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NEW PODCAST: Dealing with Gaming Nostalgia


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About everydayart

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  1. Hi again everyone! Thinking of making this a every tenth day journal or even a monthly one, as I'm struggling a bit with my internet addiction and want to be away from it unless I have some super important stuff to do Well, past my 20 days of non-gaming now. That bit has gone great so far, internet as mentioned above is a bit harder, easy to get a full day ruined by thing I "have" to research. Will try to use Freedom and Leechblock. even more, managed two days of no internet activity. Also found this great article named "How to Stop Wasting Your Energy" by Scott Young (I read his stuff about learning pretty often now days - super highly recommended). Great simple points about focusing ones energy and thinking long-term. Other than that I don't have much to report right now, also going to bed in 5 minutes. But I will make a more extensive post the next time I write. I will be moving to a new city in just two days, and will have lots of new routines and stuff to set up so not much web time for a while. New beginning. Take care everyone and make each day count!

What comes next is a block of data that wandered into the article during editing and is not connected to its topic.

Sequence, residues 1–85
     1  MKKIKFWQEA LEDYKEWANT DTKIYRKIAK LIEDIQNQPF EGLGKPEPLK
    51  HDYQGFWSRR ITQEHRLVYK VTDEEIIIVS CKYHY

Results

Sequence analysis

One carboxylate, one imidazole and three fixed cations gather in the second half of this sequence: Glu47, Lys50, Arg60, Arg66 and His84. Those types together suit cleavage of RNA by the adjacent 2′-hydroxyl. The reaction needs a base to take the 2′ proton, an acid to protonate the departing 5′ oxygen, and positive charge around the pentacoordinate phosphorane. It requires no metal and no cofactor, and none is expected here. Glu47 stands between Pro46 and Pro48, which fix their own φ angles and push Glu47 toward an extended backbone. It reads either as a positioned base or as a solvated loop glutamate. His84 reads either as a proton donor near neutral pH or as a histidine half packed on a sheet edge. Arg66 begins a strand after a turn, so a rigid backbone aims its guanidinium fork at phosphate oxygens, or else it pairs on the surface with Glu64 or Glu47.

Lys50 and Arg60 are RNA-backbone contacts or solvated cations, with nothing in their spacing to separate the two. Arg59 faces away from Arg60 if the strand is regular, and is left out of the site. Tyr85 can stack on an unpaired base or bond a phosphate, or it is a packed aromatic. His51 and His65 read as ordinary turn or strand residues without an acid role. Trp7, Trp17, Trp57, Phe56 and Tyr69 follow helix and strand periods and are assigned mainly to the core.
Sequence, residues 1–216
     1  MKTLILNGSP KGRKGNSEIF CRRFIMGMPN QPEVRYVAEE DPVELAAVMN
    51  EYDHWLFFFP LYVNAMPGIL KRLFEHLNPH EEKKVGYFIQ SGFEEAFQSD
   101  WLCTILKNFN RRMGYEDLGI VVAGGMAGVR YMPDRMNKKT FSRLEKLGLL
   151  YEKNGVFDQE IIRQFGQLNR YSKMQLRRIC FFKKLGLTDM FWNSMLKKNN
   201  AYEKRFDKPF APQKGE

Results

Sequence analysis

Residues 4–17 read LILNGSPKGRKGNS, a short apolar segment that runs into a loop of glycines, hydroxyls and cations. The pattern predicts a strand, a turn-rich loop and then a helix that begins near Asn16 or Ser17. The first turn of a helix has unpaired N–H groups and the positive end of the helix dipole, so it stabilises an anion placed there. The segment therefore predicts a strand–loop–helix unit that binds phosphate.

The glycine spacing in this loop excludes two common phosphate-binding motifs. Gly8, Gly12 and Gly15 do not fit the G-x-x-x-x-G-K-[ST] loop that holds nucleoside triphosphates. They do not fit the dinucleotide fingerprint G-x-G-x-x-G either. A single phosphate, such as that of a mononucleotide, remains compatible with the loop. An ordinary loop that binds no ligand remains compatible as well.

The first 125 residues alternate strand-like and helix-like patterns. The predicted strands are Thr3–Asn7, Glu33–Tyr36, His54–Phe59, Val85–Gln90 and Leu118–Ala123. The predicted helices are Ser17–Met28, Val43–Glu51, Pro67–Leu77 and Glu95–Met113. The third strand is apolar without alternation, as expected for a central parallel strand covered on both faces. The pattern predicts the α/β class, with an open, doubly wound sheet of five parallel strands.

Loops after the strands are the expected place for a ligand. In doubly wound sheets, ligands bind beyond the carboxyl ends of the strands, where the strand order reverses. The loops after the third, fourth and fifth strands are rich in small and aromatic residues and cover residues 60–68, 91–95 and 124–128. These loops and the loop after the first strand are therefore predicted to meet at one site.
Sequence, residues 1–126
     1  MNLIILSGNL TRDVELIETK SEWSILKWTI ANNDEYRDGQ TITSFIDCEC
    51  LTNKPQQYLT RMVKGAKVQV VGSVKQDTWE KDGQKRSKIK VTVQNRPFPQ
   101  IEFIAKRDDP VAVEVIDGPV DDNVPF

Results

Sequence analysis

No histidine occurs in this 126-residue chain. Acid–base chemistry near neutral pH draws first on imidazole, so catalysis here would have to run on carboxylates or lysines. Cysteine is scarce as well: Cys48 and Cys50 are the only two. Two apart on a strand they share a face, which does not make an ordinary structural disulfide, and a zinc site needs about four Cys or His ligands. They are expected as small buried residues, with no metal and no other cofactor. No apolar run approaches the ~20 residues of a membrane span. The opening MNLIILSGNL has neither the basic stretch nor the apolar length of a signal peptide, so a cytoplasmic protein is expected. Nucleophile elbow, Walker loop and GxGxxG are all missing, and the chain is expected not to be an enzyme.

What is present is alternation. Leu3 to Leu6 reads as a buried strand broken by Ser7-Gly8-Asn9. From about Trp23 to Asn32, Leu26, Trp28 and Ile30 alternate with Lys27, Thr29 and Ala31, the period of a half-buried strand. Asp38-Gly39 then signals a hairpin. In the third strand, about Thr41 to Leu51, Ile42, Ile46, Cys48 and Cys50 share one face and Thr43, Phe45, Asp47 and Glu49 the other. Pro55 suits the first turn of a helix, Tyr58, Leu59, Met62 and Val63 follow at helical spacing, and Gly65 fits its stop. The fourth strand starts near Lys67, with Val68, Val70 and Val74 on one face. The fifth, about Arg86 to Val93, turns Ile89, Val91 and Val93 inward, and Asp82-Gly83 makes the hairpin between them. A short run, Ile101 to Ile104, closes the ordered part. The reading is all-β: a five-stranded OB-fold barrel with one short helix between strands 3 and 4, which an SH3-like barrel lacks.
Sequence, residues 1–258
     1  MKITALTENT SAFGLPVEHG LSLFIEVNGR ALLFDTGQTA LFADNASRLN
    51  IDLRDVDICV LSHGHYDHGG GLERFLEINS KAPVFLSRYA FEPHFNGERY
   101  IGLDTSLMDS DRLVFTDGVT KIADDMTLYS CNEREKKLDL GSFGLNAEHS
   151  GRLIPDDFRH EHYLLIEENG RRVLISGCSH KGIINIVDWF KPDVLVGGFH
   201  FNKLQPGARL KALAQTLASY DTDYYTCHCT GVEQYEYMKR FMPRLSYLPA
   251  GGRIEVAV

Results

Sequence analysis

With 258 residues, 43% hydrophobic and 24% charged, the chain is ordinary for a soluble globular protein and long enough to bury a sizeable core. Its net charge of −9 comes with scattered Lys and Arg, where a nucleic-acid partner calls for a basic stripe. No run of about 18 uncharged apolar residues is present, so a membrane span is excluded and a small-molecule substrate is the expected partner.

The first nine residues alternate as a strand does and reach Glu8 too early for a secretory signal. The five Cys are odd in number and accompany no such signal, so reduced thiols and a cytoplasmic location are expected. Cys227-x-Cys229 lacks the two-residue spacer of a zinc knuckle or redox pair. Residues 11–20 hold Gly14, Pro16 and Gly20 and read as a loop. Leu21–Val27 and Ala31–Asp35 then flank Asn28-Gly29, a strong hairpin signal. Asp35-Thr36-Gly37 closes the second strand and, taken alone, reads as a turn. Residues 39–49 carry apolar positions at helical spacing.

2. For me it has been about lots of thing over a long period of time. So not sure I can give good isolated advice. But as Cam has mentioned, meditation is very powerful because you get to see moods, emotions and thoughts come and go. So that is a great tool if you dedicate time to it. Some meditation practices are about just letting go of whatever comes up inside (in you mind) you or outside (the physical world), and that is a skill you can get better at. Moving on and looking a bit more objectively on the world. That said, I don't use it that often, I have gravitated more towards the below approach. But meditation can be super powerful with long term practice. Then there's also philosophy and general expansion of you experiences and references that can alter your mind sets in all kinds of ways and has helped me get out of my head more. It's a hard subject for me to give any concrete advice. Because new pieces of information are like small building blocks I use to build up ways of behaviours, though and knowledge, and there and billions of pieces that one can explore. So maybe the advice would be read more (autobiographies, history, studies about different cultures and behaviors, and non-fiction in general) and think about what you read, and you brain will expand it's references and perspectives, which can make it easier to relate to real-life in lots of different ways. Also at the same time experience lots of different situations in the real-world, as some of them will get you out of your head more, because you will not have time to think as much. Often what i have thought was scary before hand, has been much less so irl, or I have at least been able to handle it in some capacity.In time beliefs, things hat seems super important or scary etc. Can maybe be put more into perspective. Second guessing my own beliefs time and again also helps me explore new things, and being less afraid and stuck in my head. As a example, I used to feel super lonely and depressed often as I was young, and also had some later year depressions because of other reasons. I told myself lots of stories in my head about how things where. But being able to learn more about different ways of life, culture, values and how the world works or has worked has helped me focus less on the storytelling, and more on being curious on all that is out there. Which also helps in social interactions (at least most of the time ;)). Hope there was something useful in there, take care